Lumps, Bumps and Cancer

Although most lumps are harmless, some can be very dangerous if left untreated, especially those that are cancerous.

Non-cancerous lumps
Your pet can get lumps from insect bites, mange, cysts, calluses, infected skin and warts, all of which might appear dangerous. These conditions may cause your pet pain but are not nearly as dangerous as malignant cancer.

Cancerous lumps
Cancer is a disease caused by an uncontrolled division of abnormal cells forming a lump.
Cancer lumps can usually be classed as malignant or benign.

Benign lumps stay in one place. Although these cancers can be painful they are not as feared as malignancies as there is a good chance they can be removed, especially if diagnosed early. The most common benign lump diagnosed is the lipoma.

Malignant lumps spread around the body. These cancers cause the most pain and suffering and it is imperative that they are diagnosed early if treatment is to be truly effective. The most common malignant lumps diagnosed are mammary (breast) and mast cell cancers.

Detection
Our vets will carefully look for lumps as part of any examination. If your pet is unwell in any way it is important for you to mention this to your vet. However, even when a lump is found your vet is unlikely to be able to tell if a lump is cancerous just by looking at it.

Biopsy
A sterile needle will be placed into the lump to extract some cells, which will be placed on a glass slide for staining and examination under a microscope. Sometimes this is enough for the doctor to make a diagnosis. Your pet might have to be admitted into the hospital for sedation or an anaesthetic to have the lump surgically sampled so that a greater amount of tissue can be examined. Most times at this stage the lump will be surgically removed, saving your pet from any further sedations.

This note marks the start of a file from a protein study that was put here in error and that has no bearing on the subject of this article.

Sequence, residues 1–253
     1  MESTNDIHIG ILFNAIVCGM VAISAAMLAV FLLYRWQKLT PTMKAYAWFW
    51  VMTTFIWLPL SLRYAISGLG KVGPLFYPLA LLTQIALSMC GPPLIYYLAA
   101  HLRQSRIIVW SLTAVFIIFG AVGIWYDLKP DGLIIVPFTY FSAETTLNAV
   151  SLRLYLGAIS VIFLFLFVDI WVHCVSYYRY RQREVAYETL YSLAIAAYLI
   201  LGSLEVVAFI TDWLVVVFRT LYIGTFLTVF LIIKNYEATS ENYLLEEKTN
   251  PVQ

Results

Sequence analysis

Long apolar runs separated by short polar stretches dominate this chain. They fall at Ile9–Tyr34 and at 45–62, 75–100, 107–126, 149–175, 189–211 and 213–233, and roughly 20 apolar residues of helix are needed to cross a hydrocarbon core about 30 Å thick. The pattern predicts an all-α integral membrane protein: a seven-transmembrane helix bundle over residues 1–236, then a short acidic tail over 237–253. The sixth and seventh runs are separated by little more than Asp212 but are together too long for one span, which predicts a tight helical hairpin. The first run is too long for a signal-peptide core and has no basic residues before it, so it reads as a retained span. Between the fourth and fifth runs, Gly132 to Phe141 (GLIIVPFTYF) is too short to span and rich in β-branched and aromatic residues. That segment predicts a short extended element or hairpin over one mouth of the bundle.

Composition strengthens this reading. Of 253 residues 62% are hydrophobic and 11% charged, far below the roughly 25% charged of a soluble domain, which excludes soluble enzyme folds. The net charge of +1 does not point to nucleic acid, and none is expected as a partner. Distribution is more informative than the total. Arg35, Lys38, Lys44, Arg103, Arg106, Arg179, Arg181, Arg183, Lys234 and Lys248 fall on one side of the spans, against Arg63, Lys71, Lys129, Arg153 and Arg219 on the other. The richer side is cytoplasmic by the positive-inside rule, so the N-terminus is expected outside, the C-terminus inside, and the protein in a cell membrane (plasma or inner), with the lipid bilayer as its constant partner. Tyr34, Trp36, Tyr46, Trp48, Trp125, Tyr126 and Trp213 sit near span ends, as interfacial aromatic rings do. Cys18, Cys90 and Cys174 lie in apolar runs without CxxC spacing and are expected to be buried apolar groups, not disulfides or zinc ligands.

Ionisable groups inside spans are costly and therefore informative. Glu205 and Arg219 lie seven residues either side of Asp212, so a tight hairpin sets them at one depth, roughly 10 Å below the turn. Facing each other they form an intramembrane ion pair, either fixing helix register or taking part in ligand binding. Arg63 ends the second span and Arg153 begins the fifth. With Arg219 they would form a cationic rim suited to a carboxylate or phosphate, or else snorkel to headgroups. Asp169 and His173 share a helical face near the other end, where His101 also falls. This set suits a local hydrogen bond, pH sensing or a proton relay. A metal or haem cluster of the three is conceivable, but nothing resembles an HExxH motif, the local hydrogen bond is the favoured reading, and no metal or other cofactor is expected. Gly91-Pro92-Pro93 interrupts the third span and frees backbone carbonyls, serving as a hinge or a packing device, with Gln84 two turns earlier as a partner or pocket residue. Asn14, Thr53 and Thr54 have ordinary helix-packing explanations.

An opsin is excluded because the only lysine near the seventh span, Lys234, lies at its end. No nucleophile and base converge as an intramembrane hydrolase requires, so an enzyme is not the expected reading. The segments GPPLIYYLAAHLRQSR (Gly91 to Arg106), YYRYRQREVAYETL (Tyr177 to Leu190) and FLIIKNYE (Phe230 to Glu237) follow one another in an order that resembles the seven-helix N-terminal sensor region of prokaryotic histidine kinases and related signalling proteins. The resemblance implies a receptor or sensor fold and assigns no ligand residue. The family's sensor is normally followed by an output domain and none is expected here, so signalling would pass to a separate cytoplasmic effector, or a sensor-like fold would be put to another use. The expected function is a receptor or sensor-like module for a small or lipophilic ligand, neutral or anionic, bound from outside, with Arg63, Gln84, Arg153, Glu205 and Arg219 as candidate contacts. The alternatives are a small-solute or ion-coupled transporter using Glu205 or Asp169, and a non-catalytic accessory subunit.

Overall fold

Laboratory
If needed, tissue samples will be sent off to an external veterinary laboratory to be examined by a specialist in pathology. The laboratory used by Moorabbin Veterinary Hospital is a veterinary-only laboratory and gets results in days.

X-rays and ultrasound
If the cancer is malignant we may need to take x-rays or perform an ultrasound examination to collect evidence of internal masses.

Surgery
Surgery remains the most effective way of dealing with lumps and stopping cancer in its tracks. As well as the main body of the cancer, it is important to remove the roots to prevent recurrence. At the Moorabbin Veterinary Hospital we focus on caring for the pain and comfort of patients post-operatively, and helping your family through the recovery period in the weeks to follow. If needed, chemotherapy and radiation therapy are utilised to keep cancer under control.

How to prevent lumps
During your pet’s annual health checks we carefully check for any suspicious lumps. Noticing changes early drastically improves the success of removing cancer. We recommend that you regularly check your pet all over and check with us if you notice any changes or have any concerns about your pet’s well-being.

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